Lost City may give researchers Information on daily life of Mayan people

By: The Scribe on Tuesday, July 5, 2011



Archaeologists now believe that the discovery of the Mayan city of Holtun (which means Head of Stone) in Guatemala may provide them with a wealth of information about the daily lives of the ancient Maya. The site was discovered in the 1990’s and is located in northern Guatemala. The name “Head of Stone” comes from the massive stone masks located at the site.

imageArchaeologists first discovered the site after looters unearthed large, sculpted stone masks that were located on the side of one of the principal structures. Unfortunately, looters managed to destroy the major architecture at the site. The site was later surveyed by the IADAEH’s Department of Prehispanic and Colonial Monuments and investigations were continued at the site in 2010.

The site is made up of approximately 115 structures. They had previously been concealed by the thick jungle that had grown over them. The structures are grouped into six architectural groups. Some of the structures at the site include basal platforms, patios, mounds, pyramids, courtyards, causeways and several other structures. They are still largely obscured by the jungle vegetation that had grown over them. The site is also home to a number of stone houses or buildings that may have been used as burial chambers by Mayan kings. It is this use of stone homes as burial chambers that may have made it more difficult for researchers to find the royal remains.

Scientists have been able to determine that there would have been important religious ceremonies held at the city even though it was not as large or culturally advanced as other cities such as Tikal. Archaeologists have stated that if Tikal was the equivalent of a New York or a Los Angeles that it would have roughly compared to an Atlanta or a Denver.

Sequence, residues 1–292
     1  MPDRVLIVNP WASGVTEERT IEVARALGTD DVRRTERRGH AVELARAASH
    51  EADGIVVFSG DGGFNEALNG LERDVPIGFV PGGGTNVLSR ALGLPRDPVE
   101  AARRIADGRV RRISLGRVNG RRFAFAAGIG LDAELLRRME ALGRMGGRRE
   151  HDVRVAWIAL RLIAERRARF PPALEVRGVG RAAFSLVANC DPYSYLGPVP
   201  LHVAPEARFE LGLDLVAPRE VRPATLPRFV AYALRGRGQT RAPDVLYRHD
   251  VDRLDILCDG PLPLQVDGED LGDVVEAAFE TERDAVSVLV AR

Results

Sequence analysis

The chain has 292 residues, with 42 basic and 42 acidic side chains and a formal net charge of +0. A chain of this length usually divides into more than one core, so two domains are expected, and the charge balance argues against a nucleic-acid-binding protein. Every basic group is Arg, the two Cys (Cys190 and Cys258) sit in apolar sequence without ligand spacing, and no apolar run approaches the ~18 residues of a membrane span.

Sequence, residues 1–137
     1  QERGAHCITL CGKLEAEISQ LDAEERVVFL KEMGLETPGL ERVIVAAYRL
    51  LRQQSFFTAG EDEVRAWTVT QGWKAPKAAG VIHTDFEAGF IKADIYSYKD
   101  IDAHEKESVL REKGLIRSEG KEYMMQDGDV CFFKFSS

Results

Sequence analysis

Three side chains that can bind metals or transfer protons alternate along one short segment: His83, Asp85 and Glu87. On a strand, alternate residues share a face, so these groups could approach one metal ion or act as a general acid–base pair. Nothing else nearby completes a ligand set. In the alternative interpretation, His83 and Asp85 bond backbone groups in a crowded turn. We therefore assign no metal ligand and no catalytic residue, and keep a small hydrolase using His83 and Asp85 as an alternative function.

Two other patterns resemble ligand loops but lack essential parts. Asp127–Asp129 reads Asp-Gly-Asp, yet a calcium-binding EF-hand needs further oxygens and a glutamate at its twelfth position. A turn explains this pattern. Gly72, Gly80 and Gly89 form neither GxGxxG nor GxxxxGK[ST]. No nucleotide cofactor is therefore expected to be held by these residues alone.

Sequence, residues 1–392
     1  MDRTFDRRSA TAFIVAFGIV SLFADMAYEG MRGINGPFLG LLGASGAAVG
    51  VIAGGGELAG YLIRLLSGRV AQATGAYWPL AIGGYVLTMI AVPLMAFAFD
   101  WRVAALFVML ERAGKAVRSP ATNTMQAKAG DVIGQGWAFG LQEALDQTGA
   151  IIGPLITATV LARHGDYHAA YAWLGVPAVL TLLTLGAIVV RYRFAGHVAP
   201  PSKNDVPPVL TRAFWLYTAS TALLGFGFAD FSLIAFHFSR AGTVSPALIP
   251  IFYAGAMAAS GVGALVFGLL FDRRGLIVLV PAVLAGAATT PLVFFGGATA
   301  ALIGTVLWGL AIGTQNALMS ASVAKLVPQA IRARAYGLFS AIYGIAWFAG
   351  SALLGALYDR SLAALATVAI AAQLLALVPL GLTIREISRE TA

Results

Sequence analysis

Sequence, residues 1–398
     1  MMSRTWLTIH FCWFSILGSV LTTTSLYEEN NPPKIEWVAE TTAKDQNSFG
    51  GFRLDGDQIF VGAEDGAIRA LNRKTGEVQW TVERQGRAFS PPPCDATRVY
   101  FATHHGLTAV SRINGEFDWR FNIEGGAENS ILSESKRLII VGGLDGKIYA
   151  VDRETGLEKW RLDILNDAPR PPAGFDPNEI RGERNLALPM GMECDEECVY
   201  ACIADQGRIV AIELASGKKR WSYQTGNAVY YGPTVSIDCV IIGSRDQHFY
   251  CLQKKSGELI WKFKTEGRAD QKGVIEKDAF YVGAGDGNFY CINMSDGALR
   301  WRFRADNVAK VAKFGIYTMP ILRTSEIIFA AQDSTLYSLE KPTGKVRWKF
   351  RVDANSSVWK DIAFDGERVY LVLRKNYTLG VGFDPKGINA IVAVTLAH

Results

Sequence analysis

Now scientists have been able to use different mapping techniques imaging technology in order to further excavate and explore the site. They have used three dimensional mapping in order to erase centuries of jungle growth as well as ground penetrating radar that has shown them a wealth of new information about what life would have been like when the site was being lived in.

It is believed that the site was in use between 600 BCE and 900 CE (the Late to Middle imagePreclassic period). At this time, it was estimated that approximately two thousand permanent residents would have made their home in the city. It was believed that at this time the Mayan peoples did not view their kings as being the center of the universe. Because of this view, it may have made more sense for kings to have been buried in their homes rather than in pyramids as they were in later Mayan civilizations.

It is also believed that the site would have accommodated a number of visitors who would have come to the site at times of great importance. Some of these events would have included the crowning of a king or the naming of a royal heir. At this time the site would have had to accommodate several thousand additional visitors.







 

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